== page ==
Remove Files with Force and Other Bad Ideas

Almost every Linux or Unix person has seen the help forum post from a novice looking for an answer to a frustrating problem and the arrogant fool that responds with “Just type in rm -rf / and it will fix the problem.” For anyone who is part of the “do no harm” technical community, this can make us wish for a way to revoke the arrogant fool’s privileges to the internet— permanently.

Recycling Commands

This leads me to a great post from Carlos Robles this last week on using aliases with docker commands. As with many command line utilities, certain commands and arguments are re-used, but may or may not have safety protocols built in to protect you from human error. When considering the use of rm -rf and that docker may be the first experience with it for SQL DBAs, we should consider the difference in using it with the docker utility and how it is used in file management.

The rm -rf file management utility breaks down to remove with the -rf standing for recursive and force. The arguments are important, as this states to follow through the entire directory and any sub-directories and force removal files. As I teach everyone in my Linux sessions- Linux treats EVERYTHING AS A FILE.

If we run through the example Carlos suggested for removing Docker containers, but with my own spin on it, this is what we’d experience:

Note what was done in the above example:

  • I wrote the alias to the .bash_profile
  • I executed my .bash_profile to put the change into effect.
  • I then listed out my containers
  • I used the alias to remove the Kellyn container
  • Lastly, I attempted to run the alias without an argument of container name or ID. Note that it failed as safety protocols are written into the utility.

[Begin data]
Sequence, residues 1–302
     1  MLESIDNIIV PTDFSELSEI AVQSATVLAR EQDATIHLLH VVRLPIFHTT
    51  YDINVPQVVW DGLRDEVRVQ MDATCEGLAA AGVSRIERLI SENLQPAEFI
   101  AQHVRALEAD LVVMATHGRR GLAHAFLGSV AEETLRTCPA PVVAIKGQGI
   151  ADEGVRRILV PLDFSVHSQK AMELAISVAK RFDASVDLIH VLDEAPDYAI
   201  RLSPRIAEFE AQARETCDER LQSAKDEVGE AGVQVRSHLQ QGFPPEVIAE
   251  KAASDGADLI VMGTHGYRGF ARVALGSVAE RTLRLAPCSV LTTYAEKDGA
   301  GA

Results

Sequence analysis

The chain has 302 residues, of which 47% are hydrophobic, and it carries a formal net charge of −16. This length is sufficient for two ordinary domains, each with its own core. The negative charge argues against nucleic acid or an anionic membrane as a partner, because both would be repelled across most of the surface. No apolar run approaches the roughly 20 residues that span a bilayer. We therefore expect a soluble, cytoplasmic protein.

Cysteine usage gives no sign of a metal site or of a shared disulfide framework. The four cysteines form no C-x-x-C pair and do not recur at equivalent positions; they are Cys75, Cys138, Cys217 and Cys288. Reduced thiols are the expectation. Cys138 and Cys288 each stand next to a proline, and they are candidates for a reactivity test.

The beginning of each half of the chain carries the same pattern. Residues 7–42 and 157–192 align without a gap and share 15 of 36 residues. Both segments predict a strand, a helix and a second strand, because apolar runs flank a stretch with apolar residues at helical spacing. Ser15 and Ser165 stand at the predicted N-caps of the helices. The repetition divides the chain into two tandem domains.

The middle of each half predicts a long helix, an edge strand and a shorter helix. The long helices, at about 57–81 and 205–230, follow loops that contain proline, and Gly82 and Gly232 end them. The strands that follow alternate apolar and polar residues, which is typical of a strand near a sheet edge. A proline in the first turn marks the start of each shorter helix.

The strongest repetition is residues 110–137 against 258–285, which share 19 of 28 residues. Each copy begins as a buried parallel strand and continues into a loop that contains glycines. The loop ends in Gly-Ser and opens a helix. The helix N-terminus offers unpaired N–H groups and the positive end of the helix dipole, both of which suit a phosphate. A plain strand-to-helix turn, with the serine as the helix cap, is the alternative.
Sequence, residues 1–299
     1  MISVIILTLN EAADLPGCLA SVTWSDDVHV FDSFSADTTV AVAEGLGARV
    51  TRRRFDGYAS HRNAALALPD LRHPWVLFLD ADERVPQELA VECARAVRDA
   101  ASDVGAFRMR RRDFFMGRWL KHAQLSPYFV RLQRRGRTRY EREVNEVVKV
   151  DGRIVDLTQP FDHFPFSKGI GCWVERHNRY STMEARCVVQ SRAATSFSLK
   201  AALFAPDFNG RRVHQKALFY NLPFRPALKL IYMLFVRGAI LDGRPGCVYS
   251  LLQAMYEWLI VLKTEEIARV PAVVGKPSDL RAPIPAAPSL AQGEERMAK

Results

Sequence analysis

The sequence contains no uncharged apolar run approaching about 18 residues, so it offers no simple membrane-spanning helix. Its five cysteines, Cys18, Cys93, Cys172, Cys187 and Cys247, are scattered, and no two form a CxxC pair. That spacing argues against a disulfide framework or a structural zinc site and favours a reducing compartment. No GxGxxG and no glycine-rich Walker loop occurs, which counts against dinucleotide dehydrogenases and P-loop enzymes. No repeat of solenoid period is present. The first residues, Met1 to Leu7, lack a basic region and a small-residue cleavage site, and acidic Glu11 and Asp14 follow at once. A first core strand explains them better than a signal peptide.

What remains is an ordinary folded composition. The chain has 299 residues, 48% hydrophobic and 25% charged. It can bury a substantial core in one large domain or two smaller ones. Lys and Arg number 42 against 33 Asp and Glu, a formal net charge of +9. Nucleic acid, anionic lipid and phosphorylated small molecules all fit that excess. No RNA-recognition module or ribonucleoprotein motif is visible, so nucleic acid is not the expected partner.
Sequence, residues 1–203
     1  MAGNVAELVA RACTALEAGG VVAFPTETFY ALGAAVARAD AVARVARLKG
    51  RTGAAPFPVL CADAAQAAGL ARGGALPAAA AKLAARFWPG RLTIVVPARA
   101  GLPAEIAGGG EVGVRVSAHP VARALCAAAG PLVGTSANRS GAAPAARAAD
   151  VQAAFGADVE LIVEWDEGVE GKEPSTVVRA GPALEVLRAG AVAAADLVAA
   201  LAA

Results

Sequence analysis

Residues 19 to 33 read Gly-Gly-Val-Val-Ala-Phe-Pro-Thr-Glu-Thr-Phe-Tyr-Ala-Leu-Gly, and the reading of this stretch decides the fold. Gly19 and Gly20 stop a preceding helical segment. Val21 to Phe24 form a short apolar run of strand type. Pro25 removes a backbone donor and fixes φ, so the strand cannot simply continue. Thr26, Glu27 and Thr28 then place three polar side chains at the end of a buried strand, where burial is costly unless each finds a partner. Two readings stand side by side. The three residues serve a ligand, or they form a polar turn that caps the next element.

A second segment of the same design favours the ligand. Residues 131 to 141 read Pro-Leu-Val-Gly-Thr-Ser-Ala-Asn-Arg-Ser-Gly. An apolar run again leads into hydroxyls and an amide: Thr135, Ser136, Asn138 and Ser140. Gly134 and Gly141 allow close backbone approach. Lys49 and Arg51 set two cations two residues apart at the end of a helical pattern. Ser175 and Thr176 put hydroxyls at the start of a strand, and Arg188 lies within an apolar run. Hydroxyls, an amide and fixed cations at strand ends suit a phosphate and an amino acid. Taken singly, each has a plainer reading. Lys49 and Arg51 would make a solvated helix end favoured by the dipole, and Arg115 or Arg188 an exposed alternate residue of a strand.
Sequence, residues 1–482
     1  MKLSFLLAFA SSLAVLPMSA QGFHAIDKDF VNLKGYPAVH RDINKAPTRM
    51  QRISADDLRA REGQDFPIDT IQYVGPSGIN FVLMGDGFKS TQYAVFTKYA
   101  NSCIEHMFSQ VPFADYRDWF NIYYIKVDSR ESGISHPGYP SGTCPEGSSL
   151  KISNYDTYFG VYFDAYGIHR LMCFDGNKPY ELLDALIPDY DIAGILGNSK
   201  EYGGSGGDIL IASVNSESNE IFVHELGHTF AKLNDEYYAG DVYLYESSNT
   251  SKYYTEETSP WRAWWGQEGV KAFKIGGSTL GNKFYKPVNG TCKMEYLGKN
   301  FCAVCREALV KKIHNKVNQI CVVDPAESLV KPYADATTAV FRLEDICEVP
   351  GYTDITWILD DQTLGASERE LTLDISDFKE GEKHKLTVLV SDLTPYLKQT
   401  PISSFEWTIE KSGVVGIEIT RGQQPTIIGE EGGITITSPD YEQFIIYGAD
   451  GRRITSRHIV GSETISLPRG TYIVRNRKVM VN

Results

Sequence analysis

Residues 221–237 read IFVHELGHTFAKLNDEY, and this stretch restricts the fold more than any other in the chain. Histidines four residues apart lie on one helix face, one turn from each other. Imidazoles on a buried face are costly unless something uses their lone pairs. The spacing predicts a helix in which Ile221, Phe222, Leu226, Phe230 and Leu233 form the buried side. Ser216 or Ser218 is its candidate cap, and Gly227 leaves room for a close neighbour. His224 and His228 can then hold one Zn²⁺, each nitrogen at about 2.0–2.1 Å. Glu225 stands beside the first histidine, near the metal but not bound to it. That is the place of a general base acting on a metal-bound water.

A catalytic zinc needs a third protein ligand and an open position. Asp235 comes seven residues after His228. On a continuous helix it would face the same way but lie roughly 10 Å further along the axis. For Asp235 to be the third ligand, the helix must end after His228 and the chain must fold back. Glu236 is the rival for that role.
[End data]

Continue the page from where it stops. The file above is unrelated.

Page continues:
If this is the first introduction to rm -rf, you might think this is how it works everywhere, which leaves you in a vulnerable state as an administrator in the Linux world. If we create a second example of log files being written to the $home/dockerlogs/ directory and you, as the administrator are expected to remove files on a regular interval, you might want to create an alias to eliminate some of the writing.

  1. Using alias’ save time
  2. Using alias’ may remove the awareness of the dangers of the command underneath it.

Using our steps from the first example, if we did the same type of alias work for it:

  • Write the alias rmlogs=’rm -rf ~/dockerlogs’ to the .bash_profile
  • It will now be in the .bash_profile whenever we log in.
  • We list out our files in the ~/dockerlogs directory
  • We then issue the command rmlogs/…. But at that moment, we accidently hit the enter button…or our coworker throws some papers on our desk and it hits the enter key….or we’re at home and our cat jumps onto the keyboard….you get the idea.
  • We now face that all log files have been forcefully removed from the directory.

How do we avoid these types of dangers with the Linux command rm -rf with its more pertinent dangers at the OS level where protocols haven’t been built in like the docker utility?

Build a Script

You can create a bash script, (or Powershell, but in my example, I’m going to use BASH because, well, I’m a Linux person, this is what we do…😊) This shell script will expect an argument to be passed for a file name and if it isn’t, then it will fail:

set -euo pipefail
usage() { echo "Usage: $0 -f <filename>" 1>&2; exit 1; }
declare filename=""
while getopts ":f:" arg; do
case "${arg}" in
shift $((OPTIND-1))
rm -rf ../dockerlogs/${filename}

This script would be executed as follows:

$ ./ <filename>

If you don’t include the filename with the command, it will fail. If you still want to use an alias, you can add one:

alias rmlogs = ~/scripts/

Just Don’t

The second way is to NOT USE RM -RF in the first place. The FIND command can be used to remove files and can also be used in an alias, (or script) if still desired.

cat .bash_profile << EOF
export filename=dockerdummy.txt
alias rmlogs=’find ~/dockerlogs/$filename -delete’

Execute my bash profile:


The command would then require me to set the file name and then run the rmlogs alias:


You could also turn this into a script, as I stated above. In Linux, it’s always better to be safe then sorry. No one wants to explain how you deleted an entire directory of files or even worse.




Author: dbakevlar